King of Prussia, Pa. — In the battle for Jewish votes this November, both parties acknowledge the other’s advantage: Republicans have the money and Democrats have the history.
The funding disparity was evident on Sunday and Monday when the Republican Jewish Coalition rolled out major voter outreach bids in three major Jewish population centers: the suburbs of Cleveland and Philadelphia, and in Broward and Palm Beach counties in South Florida.
The operations included expensive mechanisms unheard of in any Jewish outreach operation for years, if ever: Banks of volunteers phoning voters identified beforehand by researchers through “microtargeting,” a system that uses market research and other factors to narrow respondents to those likeliest to switch their vote.
Volunteers also distributed leaflets to homes in suburbs with high Jewish concentrations.
The effort attracted hundreds of RJC volunteers from across the country to the three target areas in states that both parties have identified as having enough undecided Jewish voters who could decide the election. Among the volunteers were dozens of students whose hotel stays over the Sabbath were paid for by the RJC.
“This effort – both in terms of numbers of participants and scope of the effort – was unprecedented and historic,” the RJC’s executive director, Matthew Brooks, told JTA in an email.
Democrats, slightly slackjawed, said they could never match the effort, which is part of an overall push that Brooks has priced at $6.5 million.
“We will be outspent,” acknowledged Robert Wexler, a former Florida congressman and one of the Obama campaign’s chief Jewish surrogates.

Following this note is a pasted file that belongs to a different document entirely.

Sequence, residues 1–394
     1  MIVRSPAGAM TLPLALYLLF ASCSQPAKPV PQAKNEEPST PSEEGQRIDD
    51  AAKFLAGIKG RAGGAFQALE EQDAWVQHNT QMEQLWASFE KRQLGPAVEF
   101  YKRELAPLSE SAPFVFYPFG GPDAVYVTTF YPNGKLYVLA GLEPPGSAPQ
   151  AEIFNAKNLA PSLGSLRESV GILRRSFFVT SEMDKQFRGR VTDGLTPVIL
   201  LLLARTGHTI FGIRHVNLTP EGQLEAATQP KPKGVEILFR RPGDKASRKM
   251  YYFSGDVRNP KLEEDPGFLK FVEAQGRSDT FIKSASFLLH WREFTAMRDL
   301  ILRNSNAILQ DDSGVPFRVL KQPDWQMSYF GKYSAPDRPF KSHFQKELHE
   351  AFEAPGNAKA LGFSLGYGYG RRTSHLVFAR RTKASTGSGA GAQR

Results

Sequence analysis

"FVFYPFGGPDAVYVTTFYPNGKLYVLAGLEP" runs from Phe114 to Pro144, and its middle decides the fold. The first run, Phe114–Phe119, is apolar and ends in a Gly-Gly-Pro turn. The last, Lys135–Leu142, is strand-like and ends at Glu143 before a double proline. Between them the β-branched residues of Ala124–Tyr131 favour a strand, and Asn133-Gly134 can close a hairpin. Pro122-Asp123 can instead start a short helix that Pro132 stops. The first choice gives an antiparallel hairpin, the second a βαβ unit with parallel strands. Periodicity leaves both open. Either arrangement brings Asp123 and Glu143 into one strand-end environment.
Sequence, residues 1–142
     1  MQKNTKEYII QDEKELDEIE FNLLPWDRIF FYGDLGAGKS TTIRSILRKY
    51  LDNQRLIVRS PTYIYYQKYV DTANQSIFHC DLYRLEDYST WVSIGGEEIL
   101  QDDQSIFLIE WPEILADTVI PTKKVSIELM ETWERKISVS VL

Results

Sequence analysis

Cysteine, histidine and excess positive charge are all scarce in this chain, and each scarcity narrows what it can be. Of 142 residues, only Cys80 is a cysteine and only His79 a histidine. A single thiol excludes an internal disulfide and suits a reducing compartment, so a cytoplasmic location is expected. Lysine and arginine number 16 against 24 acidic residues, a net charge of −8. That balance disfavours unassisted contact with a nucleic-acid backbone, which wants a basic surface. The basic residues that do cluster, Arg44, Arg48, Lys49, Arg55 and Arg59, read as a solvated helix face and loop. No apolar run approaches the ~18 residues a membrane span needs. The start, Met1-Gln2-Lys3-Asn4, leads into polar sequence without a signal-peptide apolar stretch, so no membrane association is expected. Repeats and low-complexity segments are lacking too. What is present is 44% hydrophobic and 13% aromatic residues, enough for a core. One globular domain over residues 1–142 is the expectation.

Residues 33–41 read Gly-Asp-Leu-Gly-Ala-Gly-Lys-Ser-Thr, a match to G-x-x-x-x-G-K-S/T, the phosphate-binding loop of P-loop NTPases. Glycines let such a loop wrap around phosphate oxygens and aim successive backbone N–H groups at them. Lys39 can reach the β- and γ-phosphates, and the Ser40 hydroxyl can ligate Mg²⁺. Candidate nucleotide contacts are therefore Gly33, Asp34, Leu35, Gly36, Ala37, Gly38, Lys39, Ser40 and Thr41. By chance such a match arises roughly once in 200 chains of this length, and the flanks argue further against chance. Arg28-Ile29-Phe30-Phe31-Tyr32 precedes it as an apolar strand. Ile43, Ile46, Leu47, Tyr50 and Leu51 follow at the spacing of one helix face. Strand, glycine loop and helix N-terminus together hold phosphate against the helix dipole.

Democrats have said previously that they hope to raise $1 million to $2 million for their Jewish outreach efforts.
The RJC’s efforts in suburban Philadelphia were not without mishaps. Cellphones leased for the occasion did not work for hours on Sunday because the volunteers were housed in a lower-level hotel room that did not have reception. And some door-to-door canvassers were dropped off in areas such as Blue Bell that appeared to have few Jews and where houses were adorned with Christian symbols.
Striding along the broad paths leading to double doors in the wealthy neighborhood of Gladwyne, Carol Eberwein, a 70-year-old retiree sporting a white “RJC Victory Team” T-shirt, said she had not set foot in a synagogue for four years, infuriated with her fellow Jews for handing Obama a substantial majority.
“If these damned Jews vote for Obama” this year, she said, “I’m not likely to go back.”
The RJC’s outreach overall has won national attention. Its drive includes “My Buyer’s Remorse,” a TV ad campaign targeting swing states and featuring Jewish voters who supported Barack Obama in 2008 but are now voting against the president. The same theme appears on the leaflets that volunteers tucked into mailboxes on Sunday and Monday.
“We had high hopes for Barack Obama,” they say. “Now, we have only buyer’s remorse.”